However, I do think that whenever large institutions get heavily involved in anything, creativity and uniqueness of expression get challenged. And if you look at famous Zen teachers and students throughout history, there's an awful lot of creativity and uniqueness to be found, and also plenty of examples of free agent types who were shunned by the majority of people, but who's stories have lived on and inspired people hundreds of years after those who shunned them have died and disappeared completely. Mediocrity might make for a certain kind of longevity, but it doesn't inspire people to awaken to their true nature.

With that said, I still think a free for all isn't really helpful. The very forms of our practice - the chanting, bowing, zazen postures, etc. - provide a base to spring off of. They might not all be necessary for any given individual to awaken in this life, but they do seem akin to learning the scales in music. What this means in terms of providing leadership for Zen at a national level - I don't really know. For every James Ford advocating for strong national oversight, there are probably as many Brad Warners out there, even if they wish to deny any linkage with him.

For those of you in the broader Zen community, what do you think needs to be done, if anything, about ethical issues occurring in sanghas? Is it the job of each sangha? A regional or national body? Both? Neither?

And for those of you outside of the Zen community, what do you make of all of this?

Thursday, July 22, 2010

Jaws of Clarity

I wrote the following post last October. Seems the same stuff has come around again. You never step in the same river twice, but water is water no matter what river you step into.

"Seek movement and there's no movement,
Seek rest and no rest comes instead.

When rest and no rest cease to be,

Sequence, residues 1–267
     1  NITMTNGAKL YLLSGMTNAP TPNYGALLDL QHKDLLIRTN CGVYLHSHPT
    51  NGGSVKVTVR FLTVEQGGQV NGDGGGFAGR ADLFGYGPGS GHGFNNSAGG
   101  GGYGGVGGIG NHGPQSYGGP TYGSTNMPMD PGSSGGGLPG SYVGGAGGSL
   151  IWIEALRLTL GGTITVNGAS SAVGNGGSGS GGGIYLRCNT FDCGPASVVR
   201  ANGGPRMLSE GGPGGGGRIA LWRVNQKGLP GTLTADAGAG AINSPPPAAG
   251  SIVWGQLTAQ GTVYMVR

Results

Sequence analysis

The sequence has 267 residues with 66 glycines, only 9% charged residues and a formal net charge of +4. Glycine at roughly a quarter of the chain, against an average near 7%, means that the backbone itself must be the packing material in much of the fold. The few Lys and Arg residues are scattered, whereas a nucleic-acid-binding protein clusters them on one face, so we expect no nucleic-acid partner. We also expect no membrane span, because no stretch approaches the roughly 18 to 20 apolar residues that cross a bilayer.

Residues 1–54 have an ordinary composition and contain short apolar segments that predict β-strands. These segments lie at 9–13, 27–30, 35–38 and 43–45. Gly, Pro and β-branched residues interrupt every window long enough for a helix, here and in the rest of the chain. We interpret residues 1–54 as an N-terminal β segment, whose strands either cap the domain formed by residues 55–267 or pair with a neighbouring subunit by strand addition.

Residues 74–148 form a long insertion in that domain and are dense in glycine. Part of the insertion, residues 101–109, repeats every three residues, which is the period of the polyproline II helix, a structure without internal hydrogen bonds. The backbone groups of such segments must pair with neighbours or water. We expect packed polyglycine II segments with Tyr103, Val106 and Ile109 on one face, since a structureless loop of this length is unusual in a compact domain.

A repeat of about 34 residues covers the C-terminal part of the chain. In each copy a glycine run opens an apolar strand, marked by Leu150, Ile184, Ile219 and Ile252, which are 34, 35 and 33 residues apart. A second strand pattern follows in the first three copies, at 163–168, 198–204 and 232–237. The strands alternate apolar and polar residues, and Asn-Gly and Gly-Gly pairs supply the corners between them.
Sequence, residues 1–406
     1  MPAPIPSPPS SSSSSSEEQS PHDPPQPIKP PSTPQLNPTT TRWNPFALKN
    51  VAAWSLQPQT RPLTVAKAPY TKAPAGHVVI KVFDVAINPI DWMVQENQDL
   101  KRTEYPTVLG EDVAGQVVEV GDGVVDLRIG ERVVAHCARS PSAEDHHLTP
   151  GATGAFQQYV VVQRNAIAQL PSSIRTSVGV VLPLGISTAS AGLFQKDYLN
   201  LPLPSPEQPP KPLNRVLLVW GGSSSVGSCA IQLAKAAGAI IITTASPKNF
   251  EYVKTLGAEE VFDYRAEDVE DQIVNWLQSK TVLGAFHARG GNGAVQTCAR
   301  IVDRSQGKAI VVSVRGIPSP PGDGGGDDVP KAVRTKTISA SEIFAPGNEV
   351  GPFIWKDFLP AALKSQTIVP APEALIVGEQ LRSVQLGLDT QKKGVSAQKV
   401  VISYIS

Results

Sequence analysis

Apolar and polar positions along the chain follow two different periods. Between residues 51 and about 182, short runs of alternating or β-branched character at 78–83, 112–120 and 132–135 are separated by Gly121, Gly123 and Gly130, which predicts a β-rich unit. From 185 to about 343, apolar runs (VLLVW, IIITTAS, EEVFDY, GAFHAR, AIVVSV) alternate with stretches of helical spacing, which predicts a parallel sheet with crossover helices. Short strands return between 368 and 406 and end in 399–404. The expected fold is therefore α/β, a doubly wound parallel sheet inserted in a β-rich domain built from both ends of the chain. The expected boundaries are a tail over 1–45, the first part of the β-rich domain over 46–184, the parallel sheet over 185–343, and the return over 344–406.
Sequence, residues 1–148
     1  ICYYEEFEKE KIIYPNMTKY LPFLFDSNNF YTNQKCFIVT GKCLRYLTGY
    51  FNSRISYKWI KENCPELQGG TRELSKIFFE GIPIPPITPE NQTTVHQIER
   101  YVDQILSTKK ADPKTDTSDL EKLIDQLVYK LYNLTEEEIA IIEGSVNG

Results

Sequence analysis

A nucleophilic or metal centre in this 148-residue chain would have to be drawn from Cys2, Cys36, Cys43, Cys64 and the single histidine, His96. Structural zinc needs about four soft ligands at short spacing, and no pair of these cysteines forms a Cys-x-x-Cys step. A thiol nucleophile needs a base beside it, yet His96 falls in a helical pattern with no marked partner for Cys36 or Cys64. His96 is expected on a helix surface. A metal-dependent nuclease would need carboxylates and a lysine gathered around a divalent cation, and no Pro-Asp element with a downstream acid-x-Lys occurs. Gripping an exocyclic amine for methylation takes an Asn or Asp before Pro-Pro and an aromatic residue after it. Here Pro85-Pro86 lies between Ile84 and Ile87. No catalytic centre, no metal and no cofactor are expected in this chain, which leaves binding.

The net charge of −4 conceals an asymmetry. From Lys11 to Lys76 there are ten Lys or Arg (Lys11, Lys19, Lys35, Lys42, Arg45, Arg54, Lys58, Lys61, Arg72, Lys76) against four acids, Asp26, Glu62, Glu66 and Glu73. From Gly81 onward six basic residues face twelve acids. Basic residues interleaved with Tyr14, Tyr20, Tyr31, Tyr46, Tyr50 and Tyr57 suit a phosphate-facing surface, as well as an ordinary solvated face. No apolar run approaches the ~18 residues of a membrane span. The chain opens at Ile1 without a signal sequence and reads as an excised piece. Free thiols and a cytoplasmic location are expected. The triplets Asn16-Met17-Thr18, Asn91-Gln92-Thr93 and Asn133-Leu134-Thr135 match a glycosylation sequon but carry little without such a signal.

then even oneness disappears."

Sengcan "Xinxinming"

I'm a clarity junky. I love being clear, and being able to demonstrate to others that I have that clarity. A confession? Yes. One with a swamp of guilt and shame attached to it? No.

Clarity in life is a beautiful thing. when someone can see through the wild muck of a situation and clearly declare its truth in words and/or actions, much suffering can be alleviated. However, this same skill can become an addition, and lately, I have seen how this is the case in my own life. I've wanted to have an answer about my career future so badly that there's no space for anything new to arrive. And at the same time, I have desired a break from the very same chase for answers so strongly that my actual "rest" (i.e. sleep and free time) has been anything but restful.

The opposite of clarity is cloudiness, or being unclear. Preferring one over the other is just as much trouble as preferring any other member of a binary (Gain or loss, Praise or Blame, etc.). Being clear and decisive, however, seems to be a preference for all of us humans. I've met very few people who actually enjoy living in the mud of not being clear. Sure, many of us are attracted to altering our minds with drugs of various kinds, and like the "cloudy high" that comes from drugging ourselves. But just hanging with the mud that comes up on its own in our lives without any monkeying around? That's not something we humans seem to like much because it's such a strong reminder of how little we control in this life.

How often are you in the jaws of clarity?

Wednesday, July 21, 2010